Cubs Rumors: Jameson Taillon contract expectations emerge

New York Yankees v Texas Rangers - Game One
New York Yankees v Texas Rangers - Game One / Ben Ludeman/Texas Rangers/GettyImages
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The Chicago Cubs are in need of at least one starting pitcher this offseason but unless they are able to land a top-of-the-rotation type pitcher this offseason, it would be in the Cubs' best interest to acquire multiple starting pitchers this offseason. The Cubs have been heavily linked to Japanese free agent starting pitcher Kodai Senga but recent rumors have connected the team to pitchers in the tier below Senga with the likes of Jameson Taillon and Taijuan Walker getting mentioned in the team's rumor mill in recent weeks.

The market for Taillon appears to be developing quickly and with that, the cost of signing the New York Yankees free agent starting pitcher is beginning to leak.

In a tick over 177 innings pitched with the Yankees last season in his age-30 season, Taillon posted a 3.91 ERA (3.94 FIP). For comparison purposes, Jon Gray, in his age-29 season, posted a 4.59 ERA (4.22 FIP) in 149 innings pitched with the Colorado Rockies before signing with the Rangers last offseason. Given that Taillon has experienced slightly more success than Gray has had at the Major League level, it stands to reason that he would seek an AAV that would be higher. That sentiment holds especially true when Mike Clevinger just received $12MM from the Chicago White Sox despite completely falling off the map in his return from Tommy John Surgery with the San Diego Padres last season.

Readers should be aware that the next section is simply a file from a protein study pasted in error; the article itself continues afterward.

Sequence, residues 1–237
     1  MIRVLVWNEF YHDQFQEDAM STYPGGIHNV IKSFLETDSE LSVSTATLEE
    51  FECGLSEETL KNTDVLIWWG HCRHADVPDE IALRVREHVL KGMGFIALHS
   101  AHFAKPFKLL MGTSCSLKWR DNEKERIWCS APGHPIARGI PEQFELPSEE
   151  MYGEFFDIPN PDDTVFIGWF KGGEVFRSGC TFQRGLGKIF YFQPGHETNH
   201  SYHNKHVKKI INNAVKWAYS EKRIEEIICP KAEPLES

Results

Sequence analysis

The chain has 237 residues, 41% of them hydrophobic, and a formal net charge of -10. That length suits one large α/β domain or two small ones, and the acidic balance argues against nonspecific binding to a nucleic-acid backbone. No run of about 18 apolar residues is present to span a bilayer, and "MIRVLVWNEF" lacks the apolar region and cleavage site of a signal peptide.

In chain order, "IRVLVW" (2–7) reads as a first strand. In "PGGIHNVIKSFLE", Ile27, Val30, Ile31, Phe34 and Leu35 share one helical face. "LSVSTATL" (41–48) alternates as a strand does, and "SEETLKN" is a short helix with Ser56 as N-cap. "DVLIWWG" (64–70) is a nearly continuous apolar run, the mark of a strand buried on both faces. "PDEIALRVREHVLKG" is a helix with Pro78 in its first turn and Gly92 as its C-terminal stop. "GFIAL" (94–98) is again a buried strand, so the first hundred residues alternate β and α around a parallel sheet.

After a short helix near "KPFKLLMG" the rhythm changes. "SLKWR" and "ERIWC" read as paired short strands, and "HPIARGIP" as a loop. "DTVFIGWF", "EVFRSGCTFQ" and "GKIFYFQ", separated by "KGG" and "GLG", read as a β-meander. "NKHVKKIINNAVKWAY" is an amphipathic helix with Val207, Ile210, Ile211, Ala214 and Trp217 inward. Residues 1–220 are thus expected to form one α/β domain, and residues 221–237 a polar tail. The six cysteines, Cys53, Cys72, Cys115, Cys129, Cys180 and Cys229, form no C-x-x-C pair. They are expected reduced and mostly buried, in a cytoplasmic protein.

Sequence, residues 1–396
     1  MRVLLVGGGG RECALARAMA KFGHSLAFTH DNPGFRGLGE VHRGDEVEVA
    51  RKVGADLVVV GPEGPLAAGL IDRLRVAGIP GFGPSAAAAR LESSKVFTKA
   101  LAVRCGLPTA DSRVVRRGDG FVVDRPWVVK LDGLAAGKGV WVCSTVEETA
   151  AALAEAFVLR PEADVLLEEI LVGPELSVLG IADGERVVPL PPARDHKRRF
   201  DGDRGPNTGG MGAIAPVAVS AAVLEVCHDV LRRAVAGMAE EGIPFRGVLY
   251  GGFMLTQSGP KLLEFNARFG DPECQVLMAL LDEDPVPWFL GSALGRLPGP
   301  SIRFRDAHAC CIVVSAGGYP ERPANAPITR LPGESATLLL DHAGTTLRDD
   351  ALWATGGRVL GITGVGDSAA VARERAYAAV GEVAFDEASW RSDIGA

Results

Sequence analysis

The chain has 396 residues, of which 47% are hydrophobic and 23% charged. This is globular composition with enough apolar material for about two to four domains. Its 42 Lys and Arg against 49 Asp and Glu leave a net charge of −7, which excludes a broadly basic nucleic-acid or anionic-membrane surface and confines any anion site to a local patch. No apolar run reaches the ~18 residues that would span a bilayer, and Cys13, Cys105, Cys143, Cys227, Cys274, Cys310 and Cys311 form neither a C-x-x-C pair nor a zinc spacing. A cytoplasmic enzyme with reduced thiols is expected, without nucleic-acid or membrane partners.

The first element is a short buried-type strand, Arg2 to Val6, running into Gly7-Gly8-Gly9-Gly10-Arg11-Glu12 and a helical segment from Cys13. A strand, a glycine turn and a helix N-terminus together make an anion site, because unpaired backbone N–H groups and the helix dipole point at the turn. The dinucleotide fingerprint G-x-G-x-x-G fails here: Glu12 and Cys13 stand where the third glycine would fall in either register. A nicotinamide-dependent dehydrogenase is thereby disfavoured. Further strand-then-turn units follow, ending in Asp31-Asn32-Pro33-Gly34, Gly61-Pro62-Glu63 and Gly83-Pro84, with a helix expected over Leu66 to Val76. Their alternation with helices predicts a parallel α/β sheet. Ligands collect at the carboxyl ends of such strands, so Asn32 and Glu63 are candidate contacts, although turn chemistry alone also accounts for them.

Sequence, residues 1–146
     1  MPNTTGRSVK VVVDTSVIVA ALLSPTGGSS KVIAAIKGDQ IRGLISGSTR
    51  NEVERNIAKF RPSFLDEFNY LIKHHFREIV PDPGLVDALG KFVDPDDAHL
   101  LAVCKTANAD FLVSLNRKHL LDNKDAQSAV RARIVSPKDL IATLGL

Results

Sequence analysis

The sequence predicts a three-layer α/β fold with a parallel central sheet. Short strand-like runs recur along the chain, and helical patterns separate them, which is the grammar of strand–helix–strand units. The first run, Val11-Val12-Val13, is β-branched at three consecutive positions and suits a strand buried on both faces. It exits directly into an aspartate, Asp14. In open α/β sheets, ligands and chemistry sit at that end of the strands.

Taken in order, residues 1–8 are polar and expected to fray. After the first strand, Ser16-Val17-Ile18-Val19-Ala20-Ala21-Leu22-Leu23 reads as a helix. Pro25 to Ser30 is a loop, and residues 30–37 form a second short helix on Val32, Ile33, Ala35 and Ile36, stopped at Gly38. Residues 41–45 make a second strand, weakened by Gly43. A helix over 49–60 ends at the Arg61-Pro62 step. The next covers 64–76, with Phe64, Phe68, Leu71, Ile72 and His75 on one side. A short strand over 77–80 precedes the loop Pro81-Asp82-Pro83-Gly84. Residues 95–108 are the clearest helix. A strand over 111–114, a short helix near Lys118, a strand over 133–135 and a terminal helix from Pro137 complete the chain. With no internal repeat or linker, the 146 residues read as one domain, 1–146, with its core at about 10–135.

Jameson Taillon's expected contract is not a clear fit for the Chicago Cubs.

The concern, however, is at a length of four years, the Cubs, or any team that signs Taillon, would be paying the pitcher into his age-35 season. There lies the problem as there are some questions in regard to how Taillon's pitch mix will regress as he nears closer to the end of his career. For instance, in 2023, FanGraphs steamer projections have Taillon posting a 4.33 ERA in 170 innings pitched.

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Cubs' president of baseball operations Jed Hoyer typically avoids long-term deals for starting pitchers and if forced to offer a four-year deal to a free agent this offseason, it would be in the Cubs' best interest to extend that offer to Senga with a higher AAV. Senga, like Gray, would be entering his age-30 season when he makes his Major League debut next season, and his pitch mix projects more favorably than that of Taillon's.

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